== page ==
A CONFUSED and divided USA

A CONFUSED and divided USA

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        BAD KINDLE AMAZON BOOKS SYSTEM.I REDUCED THIS BOOKD PRICE TO 3 USD BUT IT IS STILL DISPLAYING 19 USD DESPITE REMINDERS German and American Views on ISI OF PAKISTAN https://www.amazon.com/dp/1698610882/ref=cm_sw_r_tw_apa_glc_fabc_ZR3FCAPMMCR6V5QSYRBH    MC CONNELL is an architect of decline of US democracy. It's been down hill since Gingrich.
Liberals push for Justice Stephen Breyer, 82, to resign from Supreme Court after Mitch McConnell says he will BLOCK any Biden Supreme Court nomination during the 2024 election year if Republicans take back control
 
     Liberals took to Twitter on Monday to demand 82-yar-old Justice Stephen Breyer resign so they can get some new blood while they still can 
    The renewed calls came after Senate Minority Leader Mitch McConnell said he would block President Joe Biden 's Supreme Court nominees in 2024 
    'I don't think either party, if it were different from the president, would confirm a Supreme Court nominee in the middle of an election,' McConnell said
    Some Congress members have already called for the 82-year-old justice to resign amid remarks he gave suggesting court packing may be a bad idea
    On Sunday, House Rep. Alexandria Ocasio-Cortez said she would be 'inclined' to call on Breyer to step down so Biden could appoint younger justices
REVEALED: Trump pressured AG Bill Barr's replacement Jeffrey Rosen to probe voter fraud and chief of staff Mark Meadows pushed theory Italy used satellites to move votes to Biden
 
    Newly released emails show former President Trump and his top allies bringing the president's claims of election fraud to top Justice Department officials
    Trump was seeking to stay in power and overturn election results
    Trump aide wrote Bill Barr's replacement just an hour before Barr stepped down
    Chief of Staff Mark Meadows pushed theory of Italian vote-rigging in U.S.
    Trump pushed legal brief to have Supreme Court overturn vote in six states 
    DOJ guidance cautions against White House involvement in probes 
 
 
American Democracy Isn’t Dead Yet, but It’s Getting There
A country that cannot even agree to investigate an assault on its Capitol is in big trouble, indeed.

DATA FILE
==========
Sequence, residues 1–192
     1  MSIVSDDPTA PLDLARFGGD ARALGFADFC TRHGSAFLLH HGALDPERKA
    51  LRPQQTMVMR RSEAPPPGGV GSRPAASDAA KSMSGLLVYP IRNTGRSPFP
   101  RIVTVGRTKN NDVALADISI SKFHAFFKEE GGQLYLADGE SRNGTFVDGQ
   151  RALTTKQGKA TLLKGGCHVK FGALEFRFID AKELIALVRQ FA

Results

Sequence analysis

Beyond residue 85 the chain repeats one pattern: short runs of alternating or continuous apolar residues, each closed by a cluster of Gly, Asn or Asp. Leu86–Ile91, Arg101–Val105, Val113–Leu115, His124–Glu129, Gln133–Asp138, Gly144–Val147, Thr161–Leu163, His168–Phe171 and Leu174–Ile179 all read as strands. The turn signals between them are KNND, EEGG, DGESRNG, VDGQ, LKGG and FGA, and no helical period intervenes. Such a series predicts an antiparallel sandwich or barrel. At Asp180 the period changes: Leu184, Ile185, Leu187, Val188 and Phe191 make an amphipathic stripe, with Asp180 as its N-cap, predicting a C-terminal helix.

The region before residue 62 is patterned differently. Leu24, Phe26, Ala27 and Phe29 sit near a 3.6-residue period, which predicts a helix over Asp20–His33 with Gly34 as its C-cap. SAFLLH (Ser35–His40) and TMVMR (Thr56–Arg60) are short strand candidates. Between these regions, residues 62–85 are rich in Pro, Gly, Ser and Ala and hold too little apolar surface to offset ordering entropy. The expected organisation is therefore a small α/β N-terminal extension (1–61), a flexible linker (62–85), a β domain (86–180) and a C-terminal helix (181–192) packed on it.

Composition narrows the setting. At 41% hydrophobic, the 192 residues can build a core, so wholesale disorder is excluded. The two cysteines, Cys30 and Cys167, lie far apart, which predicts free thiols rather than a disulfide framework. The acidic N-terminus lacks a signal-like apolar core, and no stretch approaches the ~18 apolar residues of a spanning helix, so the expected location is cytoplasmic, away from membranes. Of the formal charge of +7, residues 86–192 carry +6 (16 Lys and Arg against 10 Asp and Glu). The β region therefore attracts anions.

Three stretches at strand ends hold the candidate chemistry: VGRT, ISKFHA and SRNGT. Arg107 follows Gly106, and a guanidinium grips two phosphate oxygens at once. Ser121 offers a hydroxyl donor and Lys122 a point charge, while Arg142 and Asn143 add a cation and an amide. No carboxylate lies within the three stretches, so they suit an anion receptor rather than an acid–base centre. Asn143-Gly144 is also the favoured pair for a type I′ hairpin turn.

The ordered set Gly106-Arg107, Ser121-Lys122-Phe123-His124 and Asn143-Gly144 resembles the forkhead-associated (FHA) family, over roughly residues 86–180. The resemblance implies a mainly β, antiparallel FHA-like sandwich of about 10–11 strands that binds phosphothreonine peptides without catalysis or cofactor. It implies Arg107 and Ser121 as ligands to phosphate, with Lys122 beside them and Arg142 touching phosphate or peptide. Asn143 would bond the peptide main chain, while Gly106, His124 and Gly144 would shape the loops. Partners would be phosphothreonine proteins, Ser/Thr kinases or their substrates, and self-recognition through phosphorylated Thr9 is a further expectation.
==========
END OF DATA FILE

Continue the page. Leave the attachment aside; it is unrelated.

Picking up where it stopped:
Democracy is on life support. Do we have what it takes to resuscitate it? 
 
 
In Democracy in America — written at a time when the prospects of American democracy looked a good deal rosier than they do today — Alexis de Tocqueville observes that laws do more to shape the American republic than do the accidental benefits of geography, but that “custom,” which he defines as “the various notions and opinions current among men,” whether in the sphere of religion or civic life, has more influence than either. The word we use today for that mass of unexamined opinion is “norms.” Here L & Z make what seems to me a very important contribution to our understanding of why we’re heading wherever it is we’re heading. Functioning democracies, they argue, depend on two norms: mutual tolerance and forbearance.
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This, then, is how democracies die: through the slow erosion of norms that underpin democratic institutions. Or perhaps we have the disease right, but the patient wrong. What does it mean to say that democracy is endangered when Donald Trump and Hungary’s Viktor Orban and Poland’s Law and Justice party were elected fair and square? Maybe the something that is dying is not “democracy.” According to Yascha Mounk, who is on the faculty at Harvard just like L & Z, democracy, understood as a political system designed to assure majority rule, is doing just fine, indeed all too well; what is under threat are the values we have in mind when we speak of “liberal democracy.” (The People vs. Democracy is an oddly misleading title; Mounk’s actual subject is “the people vs. liberalism,” or “liberalism vs. democracy,” though some editor must have prevailed on him to swallow the Godzilla vs. Mothra version.)

Mounk traces the rise of populist parties across Europe. What these parties have in common, he writes, is an eagerness to seize on majoritarian mechanisms — above all, the ballot — in order to promote a vision hostile to individual rights, the rule of law, respect for political and ethnic minorities, and the willingness to seek complex solutions to complex problems. This is illiberal democracy. “Democracy without rights,” as Mounk also calls it, is both a reaction to, and a provocation for, “rights without democracy,” or “undemocratic liberalism” — a formulation first made by the Dutch political scientist Cas Mudde, though not credited here. Where majorities do not support liberal rights, or where it is reasonable to fear they won’t, elites create mechanisms, including judicial review, federal bureaucracies, international treaty bodies, that are only indirectly answerable to the public. Is that good, or bad? L & Z’s “guardrails” are Mounk’s abridgements of democracy. How, then are we to think about the relationship between liberalism and democratic majorities?
Democracy Is Dying by Natural Causes
From Nazis to Newt Gingrich, a brief survey of the many ways government-by-the-people can perish from the earth.
I think America is heading for a confederation.
I find it is hilarious that GOP acts as if knows how to run economy when  rich states are Democratic and it governs the less well off and more financially challenged states. I think Dem states will say go be by yourself; and that is how confederation will happen. GOP is trying Dem patience.
How America Fractured Into Four Parts  People in the United States no longer agree on the nation’s purpose, values, history, or meaning. Is reconciliation possible?